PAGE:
I added this one move to my abs workouts and it improved my core strength, mobility and coordination

Build a more resilient body with this one exercise

Harry Bullmore performs a kick through move on a yoga mat in his garden. He is concentrating as he exercises low to the ground, with one hand behind him for balance, one hand resting near his temple, one leg bent with his foot resting on the floor, and one leg held straight and slightly above the ground.
(Image credit: Future)

I’ve been training for more than a decade and firmly believe that certain workout staples like squats, lunges, and bench presses should form the basis of every strength training routine. But when I was introduced to a new bodyweight move recently, I couldn’t resist giving it a go. And I was impressed with the results.

It’s called the side kick-through and it looks like a cross between a core-strengthening exercise and a breakdancing move. When I spoke to top trainer Hannah Eden recently she said this move helped to improve her mobility, protect her from injury and develop powerful mid-body muscles.

With this impressive testimony behind it, I decided to add the side kick-through into my weekly core workouts, and find out whether it lived up to the hype.

How to do the side kick-through

  • Start in a tabletop position, with your hands directly beneath your shoulders, your weight spread evenly between your hands, knees and toes. You should have a flat back, vertical thighs and shins parallel to the floor
  • Lift your knees so they hover about an inch off the floor.
  • Lift your right foot off the floor then lift your left hand off the floor and turn your torso to your left.
  • Kick your right leg through to your left side by extending it under your body. Your right foot should be pointing in the same direction as your left now.
  • Reverse this motion to return to the starting position, then repeat on the other side.

Why I like the side kick-through

1. It makes you move in different ways

The body moves in three planes of motion; sagittal (up, down, forward and backward), frontal (side-to-side) and transverse (twisting). Most strength exercises move predominantly in the sagittal plane, but that’s not the only way we move.

In daily life, we might have to twist quickly to grab something from a supermarket shelf or step to one side to make space on the sidewalk. If our bodies haven’t built up strength for these kinds of movements, we’re more susceptible to injury.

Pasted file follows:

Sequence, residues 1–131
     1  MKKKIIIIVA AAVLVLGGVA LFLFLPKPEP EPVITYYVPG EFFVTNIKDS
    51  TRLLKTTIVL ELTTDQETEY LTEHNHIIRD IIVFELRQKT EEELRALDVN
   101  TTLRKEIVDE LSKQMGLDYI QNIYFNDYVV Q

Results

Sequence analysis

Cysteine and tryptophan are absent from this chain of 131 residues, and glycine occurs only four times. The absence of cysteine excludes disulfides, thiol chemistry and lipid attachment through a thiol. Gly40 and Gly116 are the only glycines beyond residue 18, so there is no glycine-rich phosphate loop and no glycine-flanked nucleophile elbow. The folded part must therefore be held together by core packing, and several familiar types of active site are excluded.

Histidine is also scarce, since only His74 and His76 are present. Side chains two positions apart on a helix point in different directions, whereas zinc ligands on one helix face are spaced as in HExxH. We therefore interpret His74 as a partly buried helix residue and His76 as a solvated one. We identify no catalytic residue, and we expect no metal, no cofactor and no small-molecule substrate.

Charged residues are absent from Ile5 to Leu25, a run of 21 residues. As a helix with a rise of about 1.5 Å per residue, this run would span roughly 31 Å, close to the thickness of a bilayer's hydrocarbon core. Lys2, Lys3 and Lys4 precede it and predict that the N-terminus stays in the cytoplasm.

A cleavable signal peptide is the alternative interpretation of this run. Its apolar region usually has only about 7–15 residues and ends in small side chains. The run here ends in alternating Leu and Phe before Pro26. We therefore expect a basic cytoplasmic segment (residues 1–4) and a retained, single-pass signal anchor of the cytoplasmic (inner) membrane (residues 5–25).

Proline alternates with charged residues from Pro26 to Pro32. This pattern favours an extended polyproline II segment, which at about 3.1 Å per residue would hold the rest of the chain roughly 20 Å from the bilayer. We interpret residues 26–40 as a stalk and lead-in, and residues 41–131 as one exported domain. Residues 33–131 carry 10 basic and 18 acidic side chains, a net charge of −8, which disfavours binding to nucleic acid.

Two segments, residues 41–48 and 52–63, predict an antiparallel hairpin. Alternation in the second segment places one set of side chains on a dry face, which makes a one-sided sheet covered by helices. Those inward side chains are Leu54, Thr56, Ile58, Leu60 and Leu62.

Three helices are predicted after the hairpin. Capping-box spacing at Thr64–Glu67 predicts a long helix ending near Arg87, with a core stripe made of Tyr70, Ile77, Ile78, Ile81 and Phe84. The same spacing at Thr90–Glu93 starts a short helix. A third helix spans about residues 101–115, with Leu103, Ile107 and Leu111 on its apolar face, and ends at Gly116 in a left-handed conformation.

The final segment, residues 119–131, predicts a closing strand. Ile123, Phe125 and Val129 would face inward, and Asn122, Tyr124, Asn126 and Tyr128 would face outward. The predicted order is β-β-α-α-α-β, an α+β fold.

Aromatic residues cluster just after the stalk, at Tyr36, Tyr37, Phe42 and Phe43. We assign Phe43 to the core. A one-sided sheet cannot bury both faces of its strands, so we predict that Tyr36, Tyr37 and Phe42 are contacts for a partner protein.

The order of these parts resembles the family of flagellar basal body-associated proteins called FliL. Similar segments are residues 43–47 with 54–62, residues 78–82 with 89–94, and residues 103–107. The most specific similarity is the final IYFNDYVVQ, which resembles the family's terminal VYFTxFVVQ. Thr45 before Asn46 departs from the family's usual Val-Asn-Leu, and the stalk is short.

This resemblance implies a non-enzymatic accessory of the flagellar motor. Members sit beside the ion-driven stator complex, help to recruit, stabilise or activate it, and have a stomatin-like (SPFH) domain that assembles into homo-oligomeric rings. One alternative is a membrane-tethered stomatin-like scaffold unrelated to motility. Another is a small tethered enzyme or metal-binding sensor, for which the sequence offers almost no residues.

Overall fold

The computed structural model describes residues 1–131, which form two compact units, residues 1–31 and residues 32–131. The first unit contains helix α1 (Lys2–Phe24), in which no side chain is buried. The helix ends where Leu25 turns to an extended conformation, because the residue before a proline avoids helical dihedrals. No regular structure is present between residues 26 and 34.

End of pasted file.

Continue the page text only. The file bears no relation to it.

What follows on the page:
When I spoke to NASM-certified personal trainer Susane Pata recently, she stressed the need for “multiplanar training” to develop a body that’s “resilient and durable”.

The side kick-through incorporates all three planes of motion, helping you build a body that moves well in all directions so you can perform at your best.

2. It’s fun

Fun is one of my biggest training priorities. After all, if I don’t enjoy it, I’m unlikely to keep coming back for more. That’s why I like to mix up my abs workouts as they can quickly become monotonous if they’re just set after set of sit-ups.

This exercise is a an enjoyable way to mix up the way you train your core, engaging both your mind and body at once.

“You can’t do it sloppily, you have to be so precise,” says Eden, and she’s spot on.

Unlike in a sit-up where I can switch off and mindlessly crunch through reps, I found the side kick-through required my full attention as I tried to perfect new movement patterns. Formerly a keen soccer player, I’ve always loved learning new skills, so this coordination test was right up my street.

At first, there was a lot of falling over, slow reps and fudged attempts. But after a while, I started to get the hang of it.

3. It’s challenging

I never want to scare people away from challenging workouts, but for strength training to be effective it does need to challenge you.

Your body adapts to handle the demands you place on it, so you need to push (and continually progress your training) if you want to see change.

This exercise did just that, and after a few reps I could feel my mid-body muscles working hard—particularly the obliques, which run down the side of the stomach and are responsible for rotational movements.

It also worked my shoulders through a wide range of motion, which is a sure-fire way of improving strength, mobility and resilience in the joint.

Harry Bullmore
Fitness Writer

Harry Bullmore is a Fitness Writer for Fit&Well and its sister site Coach, covering accessible home workouts, strength training session, and yoga routines. He joined the team from Hearst, where he reviewed products for Men's Health, Women's Health, and Runner's World. He is passionate about the physical and mental benefits of exercise, and splits his time between weightlifting, CrossFit, and gymnastics, which he does to build strength, boost his wellbeing, and have fun.

Harry is a NCTJ-qualified journalist, and has written for Vice, Learning Disability Today, and The Argus, where he was a crime, politics, and sports reporter for several UK regional and national newspapers.